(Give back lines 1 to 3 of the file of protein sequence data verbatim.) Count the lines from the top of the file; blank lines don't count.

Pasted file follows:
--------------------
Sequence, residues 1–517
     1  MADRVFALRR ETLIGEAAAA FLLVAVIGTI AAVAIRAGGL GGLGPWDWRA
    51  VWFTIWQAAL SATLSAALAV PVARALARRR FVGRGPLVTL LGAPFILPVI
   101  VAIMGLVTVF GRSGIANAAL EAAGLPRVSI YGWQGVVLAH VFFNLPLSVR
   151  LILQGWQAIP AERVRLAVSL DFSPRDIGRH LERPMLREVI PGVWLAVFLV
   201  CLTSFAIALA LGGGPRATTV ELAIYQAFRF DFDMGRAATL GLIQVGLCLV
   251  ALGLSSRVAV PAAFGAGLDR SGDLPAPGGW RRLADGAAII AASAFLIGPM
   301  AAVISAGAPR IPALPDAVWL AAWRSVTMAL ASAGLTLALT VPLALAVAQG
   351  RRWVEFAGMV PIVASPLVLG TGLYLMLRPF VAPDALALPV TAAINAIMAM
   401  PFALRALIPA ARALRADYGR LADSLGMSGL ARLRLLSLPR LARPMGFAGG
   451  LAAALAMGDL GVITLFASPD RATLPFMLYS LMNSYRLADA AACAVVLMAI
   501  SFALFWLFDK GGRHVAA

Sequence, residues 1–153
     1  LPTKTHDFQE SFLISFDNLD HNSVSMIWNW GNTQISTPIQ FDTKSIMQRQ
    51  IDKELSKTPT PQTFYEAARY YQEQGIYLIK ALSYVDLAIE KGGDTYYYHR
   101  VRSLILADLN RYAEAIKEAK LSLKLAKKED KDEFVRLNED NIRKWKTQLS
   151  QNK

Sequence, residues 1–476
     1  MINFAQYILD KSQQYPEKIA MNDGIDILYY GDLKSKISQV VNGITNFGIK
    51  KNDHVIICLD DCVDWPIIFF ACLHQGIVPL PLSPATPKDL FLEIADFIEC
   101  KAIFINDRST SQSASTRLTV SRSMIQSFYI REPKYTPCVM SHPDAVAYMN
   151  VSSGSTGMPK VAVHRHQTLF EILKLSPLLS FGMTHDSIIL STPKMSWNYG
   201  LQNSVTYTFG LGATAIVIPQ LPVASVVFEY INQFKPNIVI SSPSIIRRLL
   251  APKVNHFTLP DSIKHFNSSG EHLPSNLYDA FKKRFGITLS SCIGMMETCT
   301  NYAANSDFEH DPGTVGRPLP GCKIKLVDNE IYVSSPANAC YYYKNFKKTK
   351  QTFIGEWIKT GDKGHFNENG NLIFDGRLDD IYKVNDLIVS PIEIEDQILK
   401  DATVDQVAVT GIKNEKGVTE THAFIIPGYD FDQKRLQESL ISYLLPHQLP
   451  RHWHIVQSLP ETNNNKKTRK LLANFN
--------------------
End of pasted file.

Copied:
Sequence, residues 1–517
     1  MADRVFALRR ETLIGEAAAA FLLVAVIGTI AAVAIRAGGL GGLGPWDWRA
    51  VWFTIWQAAL SATLSAALAV PVARALARRR FVGRGPLVTL LGAPFILPVI